Strikes by the farmers over the past year hurt the financial markets
Argentine farmers have resumed strikes as part of a bitter dispute over taxes on soya bean exports.
The farmers are angry over President Cristina Fernandez's refusal to lower the 35% tax.
They have been on strike several times in the past year over the tax, saying government aid has been spent on cities at the expense of the countryside.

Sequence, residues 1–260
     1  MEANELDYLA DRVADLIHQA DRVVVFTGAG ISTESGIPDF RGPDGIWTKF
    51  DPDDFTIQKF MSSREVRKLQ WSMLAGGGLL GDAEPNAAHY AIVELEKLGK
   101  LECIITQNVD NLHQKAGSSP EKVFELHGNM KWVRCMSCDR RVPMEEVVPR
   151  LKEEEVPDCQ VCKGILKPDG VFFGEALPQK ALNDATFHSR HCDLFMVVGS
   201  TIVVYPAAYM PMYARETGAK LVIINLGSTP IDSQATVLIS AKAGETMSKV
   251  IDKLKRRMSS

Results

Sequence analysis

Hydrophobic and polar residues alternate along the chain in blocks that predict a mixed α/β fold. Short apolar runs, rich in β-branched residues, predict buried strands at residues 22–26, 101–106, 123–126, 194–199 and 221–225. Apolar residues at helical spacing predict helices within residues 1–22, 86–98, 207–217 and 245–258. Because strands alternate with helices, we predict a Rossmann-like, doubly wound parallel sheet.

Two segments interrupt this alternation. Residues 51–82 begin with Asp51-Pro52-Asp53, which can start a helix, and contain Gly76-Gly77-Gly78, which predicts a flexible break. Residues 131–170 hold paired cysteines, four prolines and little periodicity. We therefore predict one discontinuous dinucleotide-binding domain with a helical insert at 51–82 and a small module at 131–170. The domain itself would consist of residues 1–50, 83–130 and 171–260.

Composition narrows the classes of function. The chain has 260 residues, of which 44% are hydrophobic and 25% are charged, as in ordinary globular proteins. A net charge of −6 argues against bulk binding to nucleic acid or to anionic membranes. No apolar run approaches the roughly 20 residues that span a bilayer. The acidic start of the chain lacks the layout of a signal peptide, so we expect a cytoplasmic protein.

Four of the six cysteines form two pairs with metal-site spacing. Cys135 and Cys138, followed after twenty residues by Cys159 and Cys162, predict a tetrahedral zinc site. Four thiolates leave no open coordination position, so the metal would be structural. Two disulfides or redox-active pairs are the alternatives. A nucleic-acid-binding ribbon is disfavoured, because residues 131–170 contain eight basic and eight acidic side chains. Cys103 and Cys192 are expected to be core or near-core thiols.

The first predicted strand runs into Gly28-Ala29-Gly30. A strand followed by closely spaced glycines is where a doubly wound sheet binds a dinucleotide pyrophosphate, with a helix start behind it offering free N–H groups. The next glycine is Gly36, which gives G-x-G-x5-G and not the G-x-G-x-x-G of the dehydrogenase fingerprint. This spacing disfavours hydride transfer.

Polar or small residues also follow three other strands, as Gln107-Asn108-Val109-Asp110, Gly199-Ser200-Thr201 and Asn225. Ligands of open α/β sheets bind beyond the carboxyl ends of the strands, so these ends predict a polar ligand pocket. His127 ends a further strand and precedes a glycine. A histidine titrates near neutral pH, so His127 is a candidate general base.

The government argues that the farmers make huge profits from soy and the tax helps the wealth be distributed fairly.
The farmers said the strike, where they would refuse to sell livestock and grain for eight days, is "more" than a protest.
"It's a battle cry to defend rural life," said Eduardo Buzzi, president of the Argentine Agrarian Federation, one of four farming associations that has led anti-government protests.
"We're willing to do what's necessary to get agricultural policy changed," he added.